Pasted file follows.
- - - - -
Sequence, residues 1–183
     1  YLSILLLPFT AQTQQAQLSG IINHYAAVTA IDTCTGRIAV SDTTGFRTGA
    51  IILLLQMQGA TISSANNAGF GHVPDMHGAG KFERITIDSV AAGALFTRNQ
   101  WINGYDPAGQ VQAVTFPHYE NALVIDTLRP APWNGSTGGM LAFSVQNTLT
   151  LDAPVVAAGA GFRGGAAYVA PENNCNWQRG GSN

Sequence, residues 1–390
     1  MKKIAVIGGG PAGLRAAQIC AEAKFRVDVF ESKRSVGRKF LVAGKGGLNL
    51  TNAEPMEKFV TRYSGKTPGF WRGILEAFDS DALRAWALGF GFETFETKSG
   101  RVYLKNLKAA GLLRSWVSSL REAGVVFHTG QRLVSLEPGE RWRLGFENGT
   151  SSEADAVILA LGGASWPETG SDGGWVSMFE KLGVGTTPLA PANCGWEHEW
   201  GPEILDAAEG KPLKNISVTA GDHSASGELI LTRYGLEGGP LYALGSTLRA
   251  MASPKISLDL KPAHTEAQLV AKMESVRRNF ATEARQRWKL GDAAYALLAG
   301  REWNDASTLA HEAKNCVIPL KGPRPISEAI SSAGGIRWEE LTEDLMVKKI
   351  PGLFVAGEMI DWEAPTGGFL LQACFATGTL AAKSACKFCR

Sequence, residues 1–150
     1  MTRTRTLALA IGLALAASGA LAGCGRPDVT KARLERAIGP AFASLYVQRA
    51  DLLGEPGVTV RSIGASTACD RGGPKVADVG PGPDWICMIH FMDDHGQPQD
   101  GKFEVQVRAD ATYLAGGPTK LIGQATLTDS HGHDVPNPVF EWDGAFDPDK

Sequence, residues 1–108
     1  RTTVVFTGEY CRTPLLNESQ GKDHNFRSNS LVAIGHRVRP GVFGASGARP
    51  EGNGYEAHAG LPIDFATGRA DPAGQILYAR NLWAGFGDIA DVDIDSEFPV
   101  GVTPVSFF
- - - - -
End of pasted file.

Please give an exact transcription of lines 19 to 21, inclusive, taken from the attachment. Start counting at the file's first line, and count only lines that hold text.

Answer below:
Sequence, residues 1–108
     1  RTTVVFTGEY CRTPLLNESQ GKDHNFRSNS LVAIGHRVRP GVFGASGARP
    51  EGNGYEAHAG LPIDFATGRA DPAGQILYAR NLWAGFGDIA DVDIDSEFPV